Foxconn Pause Before Signing Sharp Takeover Deal

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Globalisation has helped the world to become a smaller place. It has allowed businesses to import and export products all over the world, reducing the costs of raw materials and components that go into our electronic devices today. It has made it much easier for a small business to compete on a global scale. Unfortunately, a side effect of globalisation is that it puts downwards pressure on profit margins: in other words, as individual sectors become more and more competitive, so the prices tend to drop. We have seen this in the smartphone arena and two good examples are the System-on-Chips and display panels that every device has. For the mobile display business, over the last half decade a number of Chinese display screen manufacturers have started selling their own screens at highly competitive prices. The established display manufacturers, such as Sharp, have taken pride in selling better quality components. Unfortunately for Sharp, cheaper displays have been getting better. As the industry moves to a higher resolution world and as technology improves, so the benefit of a premium display has been eroded. Sharp has been struggling for years and has even benefited from not one but two bailouts from the Japanese government, plus a number of rethinks about strategy.

Earlier in the year, it seemed that Sharp had conceded and was in discussions with Foxconn to essentially sell the business on. After agreeing the idea, Foxconn then went away to complete due diligence on Sharp’s business so that they understand exactly what they are buying and the condition of Sharp’s business. Sharp is estimated to be worth close to $6 billion according to industry sources despite the pressure, which would make this the largest takeover of a Japanese business by a foreign investor. However, Reuters have reported that “two people familiar with the matter” that the deal may not be inked this week. The reason is because Foxconn have raised questions over Sharp’s potential liabilities, which typically means unpaid debt. Sharp’s shares slid by 9% on this news. Foxconn is waiting for Sharp’s auditors and accountants to confirm that the discovered liabilities are “in the right ballpark,” according to one unnamed source. A Sharp spokesman reported that both companies are working together to reach a satisfactory agreement, but have not set a signing date.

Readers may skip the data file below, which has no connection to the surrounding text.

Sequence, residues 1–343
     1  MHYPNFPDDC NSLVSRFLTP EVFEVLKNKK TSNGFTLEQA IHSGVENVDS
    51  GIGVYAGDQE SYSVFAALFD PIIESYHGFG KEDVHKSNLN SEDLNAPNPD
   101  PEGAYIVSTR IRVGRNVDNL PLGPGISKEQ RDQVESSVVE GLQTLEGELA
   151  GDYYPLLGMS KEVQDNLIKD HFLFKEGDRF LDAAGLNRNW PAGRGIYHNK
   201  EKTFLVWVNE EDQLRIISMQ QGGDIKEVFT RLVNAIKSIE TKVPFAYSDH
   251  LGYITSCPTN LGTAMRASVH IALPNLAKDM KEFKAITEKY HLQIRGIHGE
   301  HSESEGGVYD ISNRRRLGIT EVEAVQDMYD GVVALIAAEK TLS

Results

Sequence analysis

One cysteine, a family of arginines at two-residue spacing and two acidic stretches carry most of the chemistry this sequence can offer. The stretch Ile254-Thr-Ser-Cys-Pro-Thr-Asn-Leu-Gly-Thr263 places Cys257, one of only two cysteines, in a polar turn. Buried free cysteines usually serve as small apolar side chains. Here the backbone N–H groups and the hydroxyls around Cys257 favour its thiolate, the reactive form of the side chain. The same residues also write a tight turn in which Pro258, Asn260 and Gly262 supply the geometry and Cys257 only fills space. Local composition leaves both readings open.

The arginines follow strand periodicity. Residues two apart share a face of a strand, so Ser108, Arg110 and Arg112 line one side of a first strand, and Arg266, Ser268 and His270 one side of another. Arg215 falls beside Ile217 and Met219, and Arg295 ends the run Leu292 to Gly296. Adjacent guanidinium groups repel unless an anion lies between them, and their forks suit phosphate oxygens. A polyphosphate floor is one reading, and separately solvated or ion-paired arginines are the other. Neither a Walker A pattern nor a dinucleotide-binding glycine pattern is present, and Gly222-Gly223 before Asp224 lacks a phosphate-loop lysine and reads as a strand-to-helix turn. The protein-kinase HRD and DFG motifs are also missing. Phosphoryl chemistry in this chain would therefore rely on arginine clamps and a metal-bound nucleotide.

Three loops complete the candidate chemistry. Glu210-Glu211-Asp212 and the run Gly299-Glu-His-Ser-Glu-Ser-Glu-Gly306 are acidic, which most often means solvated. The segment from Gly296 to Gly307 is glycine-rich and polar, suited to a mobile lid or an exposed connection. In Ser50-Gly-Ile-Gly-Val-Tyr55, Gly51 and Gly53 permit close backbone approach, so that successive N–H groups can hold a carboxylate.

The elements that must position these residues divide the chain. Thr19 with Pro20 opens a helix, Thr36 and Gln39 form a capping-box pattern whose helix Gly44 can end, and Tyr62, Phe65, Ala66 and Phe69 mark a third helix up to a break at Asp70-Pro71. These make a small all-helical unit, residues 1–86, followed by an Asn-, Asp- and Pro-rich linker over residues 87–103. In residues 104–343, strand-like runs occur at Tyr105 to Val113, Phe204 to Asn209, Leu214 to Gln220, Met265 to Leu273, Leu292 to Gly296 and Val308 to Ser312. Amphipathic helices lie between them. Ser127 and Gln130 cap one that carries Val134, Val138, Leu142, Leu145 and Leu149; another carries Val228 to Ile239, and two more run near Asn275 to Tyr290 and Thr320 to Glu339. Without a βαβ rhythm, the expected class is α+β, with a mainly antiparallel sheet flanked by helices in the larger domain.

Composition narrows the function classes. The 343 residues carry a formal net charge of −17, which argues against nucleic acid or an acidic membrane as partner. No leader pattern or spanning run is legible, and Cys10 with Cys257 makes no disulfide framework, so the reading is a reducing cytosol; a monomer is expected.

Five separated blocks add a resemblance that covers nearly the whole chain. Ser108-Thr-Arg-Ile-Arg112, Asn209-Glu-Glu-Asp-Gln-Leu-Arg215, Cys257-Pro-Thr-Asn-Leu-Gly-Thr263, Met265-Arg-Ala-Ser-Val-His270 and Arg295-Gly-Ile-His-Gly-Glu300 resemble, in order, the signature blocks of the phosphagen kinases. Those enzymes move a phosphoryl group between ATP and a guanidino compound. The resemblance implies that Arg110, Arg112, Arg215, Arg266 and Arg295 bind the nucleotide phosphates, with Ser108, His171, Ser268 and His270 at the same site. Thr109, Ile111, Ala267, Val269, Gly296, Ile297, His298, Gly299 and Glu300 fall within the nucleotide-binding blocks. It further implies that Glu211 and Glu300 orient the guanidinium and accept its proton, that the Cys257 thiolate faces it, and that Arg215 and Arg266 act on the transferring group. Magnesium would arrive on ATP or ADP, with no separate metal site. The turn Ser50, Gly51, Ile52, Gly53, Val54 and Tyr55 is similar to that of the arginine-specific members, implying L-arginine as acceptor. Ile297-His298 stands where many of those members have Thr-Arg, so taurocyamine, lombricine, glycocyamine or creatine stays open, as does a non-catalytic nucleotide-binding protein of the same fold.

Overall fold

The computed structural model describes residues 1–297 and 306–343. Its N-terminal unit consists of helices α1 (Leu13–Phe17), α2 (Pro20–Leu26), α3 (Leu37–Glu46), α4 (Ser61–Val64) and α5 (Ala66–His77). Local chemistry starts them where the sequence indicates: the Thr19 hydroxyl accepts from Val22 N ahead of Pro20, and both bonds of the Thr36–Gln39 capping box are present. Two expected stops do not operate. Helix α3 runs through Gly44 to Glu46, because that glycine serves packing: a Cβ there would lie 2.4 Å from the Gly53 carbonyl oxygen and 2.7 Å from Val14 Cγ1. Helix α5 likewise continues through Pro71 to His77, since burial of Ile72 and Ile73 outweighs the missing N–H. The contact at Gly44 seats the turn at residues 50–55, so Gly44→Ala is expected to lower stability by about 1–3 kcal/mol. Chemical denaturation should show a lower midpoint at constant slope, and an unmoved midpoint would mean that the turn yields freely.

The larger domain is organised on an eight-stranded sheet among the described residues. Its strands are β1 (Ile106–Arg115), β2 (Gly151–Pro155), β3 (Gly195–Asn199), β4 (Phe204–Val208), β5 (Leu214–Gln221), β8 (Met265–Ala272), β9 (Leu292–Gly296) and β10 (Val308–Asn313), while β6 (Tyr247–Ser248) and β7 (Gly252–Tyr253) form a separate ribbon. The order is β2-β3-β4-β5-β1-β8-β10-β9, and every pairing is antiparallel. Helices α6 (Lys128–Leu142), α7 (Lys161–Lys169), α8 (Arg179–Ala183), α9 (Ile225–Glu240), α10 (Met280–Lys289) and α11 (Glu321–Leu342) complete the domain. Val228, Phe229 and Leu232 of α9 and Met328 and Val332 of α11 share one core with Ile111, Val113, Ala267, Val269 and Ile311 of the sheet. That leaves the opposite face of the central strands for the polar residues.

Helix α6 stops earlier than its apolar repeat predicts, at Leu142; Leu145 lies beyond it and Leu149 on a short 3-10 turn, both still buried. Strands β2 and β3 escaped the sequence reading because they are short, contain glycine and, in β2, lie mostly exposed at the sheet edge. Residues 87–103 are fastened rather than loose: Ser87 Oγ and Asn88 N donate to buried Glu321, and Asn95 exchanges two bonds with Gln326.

Investors and the market are jittery about the deal given the size; Foxconn is also said to be asking questions of Sharp’s management about their latest quarterly performance. In early February, Sharp stated that it expected to make an operating profit of approximately 10 billion yen ($88 million) for the year ending in March, after reporting a nine month operating loss of over 29 billion yen.